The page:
Seven of the Greatest Sports Movies of All Time

Sports naturally lends itself to movies. There is an innate drama and organic storylines that should make the silver screen the best place to watch the action unfold. But it is not always the case. Usually it is the story that works, but the sports part that lets the side down. For some reason, capturing sports realistically on film is something that eludes all but the best directors.

But that doesn’t mean that there haven’t been some excellent sports movies over the years. When a filmmaker gets it right, they really get it right. It is not always stories about the winners that shine though. The disappointment of sports can sometimes be the better story.

Here are the seven films that we think hit the jackpot. The reason why these films made it probably lies in the fact that they covered the sports that people love to watch. From boxing to wrestling and with football, soccer, and baseball in between these are the sports movies that captured both our imagination and the essence of sports. Today, more people love to bet on sports at and similar outlets than they love to watch sports-inspired movies, but these seven titles defy the odds.

1. Rocky (1976)

Rocky (1976)

Tell modern-day movie fans that Sylvester Stallone, the seemingly limited Hollywood action film star, wrote this classic underdog tale in just three days – and was nominated for an Academy Award – and they will hardly believe it. But Rocky became a box-office hit and launched an entire franchise that continues to this day.

Stallone was a struggling actor himself when he pitched his script about a small-time boxer who is given the chance to fight for the heavyweight championship of the world. The story may seem a little cliché today but Rocky is one of the greatest films of all time, let alone of the best sports movies out there.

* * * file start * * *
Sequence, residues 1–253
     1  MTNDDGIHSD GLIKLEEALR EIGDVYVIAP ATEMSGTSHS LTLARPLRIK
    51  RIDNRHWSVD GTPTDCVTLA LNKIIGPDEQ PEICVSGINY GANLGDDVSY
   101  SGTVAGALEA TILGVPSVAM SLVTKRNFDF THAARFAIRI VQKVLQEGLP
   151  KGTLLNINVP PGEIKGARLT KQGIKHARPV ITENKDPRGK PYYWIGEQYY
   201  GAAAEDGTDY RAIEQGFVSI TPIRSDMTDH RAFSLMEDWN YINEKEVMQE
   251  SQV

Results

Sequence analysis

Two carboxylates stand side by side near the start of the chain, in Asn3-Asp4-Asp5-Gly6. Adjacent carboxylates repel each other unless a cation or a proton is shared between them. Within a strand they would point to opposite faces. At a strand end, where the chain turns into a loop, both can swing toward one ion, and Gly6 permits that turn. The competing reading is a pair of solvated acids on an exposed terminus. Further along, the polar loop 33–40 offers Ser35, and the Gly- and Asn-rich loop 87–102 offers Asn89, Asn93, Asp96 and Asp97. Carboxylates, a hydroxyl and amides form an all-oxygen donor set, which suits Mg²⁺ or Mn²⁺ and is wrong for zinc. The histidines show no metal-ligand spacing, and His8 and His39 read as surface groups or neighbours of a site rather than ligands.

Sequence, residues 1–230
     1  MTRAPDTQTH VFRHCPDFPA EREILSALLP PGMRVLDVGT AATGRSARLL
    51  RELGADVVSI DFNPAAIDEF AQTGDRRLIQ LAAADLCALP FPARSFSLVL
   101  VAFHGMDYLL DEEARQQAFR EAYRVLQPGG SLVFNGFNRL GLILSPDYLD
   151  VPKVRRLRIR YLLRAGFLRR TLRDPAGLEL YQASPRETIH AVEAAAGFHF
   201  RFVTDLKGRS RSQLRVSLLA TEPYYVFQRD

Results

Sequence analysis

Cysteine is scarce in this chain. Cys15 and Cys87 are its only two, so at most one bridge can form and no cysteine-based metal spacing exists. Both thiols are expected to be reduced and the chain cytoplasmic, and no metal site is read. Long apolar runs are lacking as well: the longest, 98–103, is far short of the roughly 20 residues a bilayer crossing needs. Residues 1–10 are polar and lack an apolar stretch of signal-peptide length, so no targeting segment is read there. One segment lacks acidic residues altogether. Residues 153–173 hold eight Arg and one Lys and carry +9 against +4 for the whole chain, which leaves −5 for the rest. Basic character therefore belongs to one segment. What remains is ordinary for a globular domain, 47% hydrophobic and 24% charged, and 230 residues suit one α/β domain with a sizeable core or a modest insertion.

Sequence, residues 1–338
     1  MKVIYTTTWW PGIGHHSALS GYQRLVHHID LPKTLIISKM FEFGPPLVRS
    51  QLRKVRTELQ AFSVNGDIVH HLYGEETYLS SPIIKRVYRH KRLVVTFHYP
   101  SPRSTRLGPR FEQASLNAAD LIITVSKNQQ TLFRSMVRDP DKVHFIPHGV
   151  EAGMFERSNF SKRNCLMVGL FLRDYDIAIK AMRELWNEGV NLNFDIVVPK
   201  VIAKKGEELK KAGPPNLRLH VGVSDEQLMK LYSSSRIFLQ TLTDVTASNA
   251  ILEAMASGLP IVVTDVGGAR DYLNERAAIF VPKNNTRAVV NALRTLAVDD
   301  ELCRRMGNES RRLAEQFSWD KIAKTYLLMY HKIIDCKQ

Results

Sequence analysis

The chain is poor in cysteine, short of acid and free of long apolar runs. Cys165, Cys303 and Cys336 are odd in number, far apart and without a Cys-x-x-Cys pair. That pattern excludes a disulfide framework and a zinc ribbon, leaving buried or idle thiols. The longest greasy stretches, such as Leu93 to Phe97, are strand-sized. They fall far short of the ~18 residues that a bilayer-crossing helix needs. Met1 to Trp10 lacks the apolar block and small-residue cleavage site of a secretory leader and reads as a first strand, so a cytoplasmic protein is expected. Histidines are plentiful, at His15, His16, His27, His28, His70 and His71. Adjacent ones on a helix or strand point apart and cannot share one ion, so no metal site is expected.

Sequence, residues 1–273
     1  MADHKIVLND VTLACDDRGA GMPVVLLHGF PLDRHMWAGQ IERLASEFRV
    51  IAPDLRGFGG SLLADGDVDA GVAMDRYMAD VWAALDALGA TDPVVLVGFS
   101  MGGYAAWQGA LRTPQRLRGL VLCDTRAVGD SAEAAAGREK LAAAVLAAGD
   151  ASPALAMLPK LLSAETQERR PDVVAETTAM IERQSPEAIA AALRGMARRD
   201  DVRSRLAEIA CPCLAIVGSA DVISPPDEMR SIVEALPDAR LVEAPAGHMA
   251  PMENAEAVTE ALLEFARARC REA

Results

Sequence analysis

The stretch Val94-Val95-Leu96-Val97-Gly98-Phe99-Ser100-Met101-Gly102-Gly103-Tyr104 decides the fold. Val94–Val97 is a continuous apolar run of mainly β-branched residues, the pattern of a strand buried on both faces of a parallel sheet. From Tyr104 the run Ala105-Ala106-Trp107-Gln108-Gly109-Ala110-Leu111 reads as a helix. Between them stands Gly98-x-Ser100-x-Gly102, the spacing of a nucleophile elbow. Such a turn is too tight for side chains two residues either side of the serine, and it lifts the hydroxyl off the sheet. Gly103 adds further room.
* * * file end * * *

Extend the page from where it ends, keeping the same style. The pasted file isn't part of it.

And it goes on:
2. Escape to Victory (1981)

Escape to Victory (1981)

Can we include another Sylvester Stallone movie here? To be fair, his performance as a US GI pretending to be a soccer goalkeeper is not quite as convincing. But it is the sheer sporting and acting talent in the rest of the cast that sets Escape to Victory apart from other run-of-the-mill war films.

Top soccer players of the time, including Pelé and Bobby Moore, join elite actors, such as Michael Caine and Max von Sydow in a story about Allied POWs agreeing to play a soccer match against their German guards. A daring escape plan is hatched but the prize of winning the game becomes more important.

3. Any Given Sunday (1999)

Any Given Sunday (1999)

The glitz and glamor of football, mixed with the brutality and physical nature of the game, ensure that most movies about the sport can get the blood pumping. But in Any Given Sunday, the really rousing element is Al Pacino’s portrayal of the head coach – and, in particular, an inspiring locker room speech he gives to his players.

Pacino is never better than when he is testing out his full vocal range and he goes full Pacino here. The story is essentially about a veteran coach who goes against the wealthy owners to play things his way. It is easy to pick which side you are on as a viewer and the sports action only adds to the drama of the story.

4. Jerry Maguire (1996)

Jerry Maguire (1996)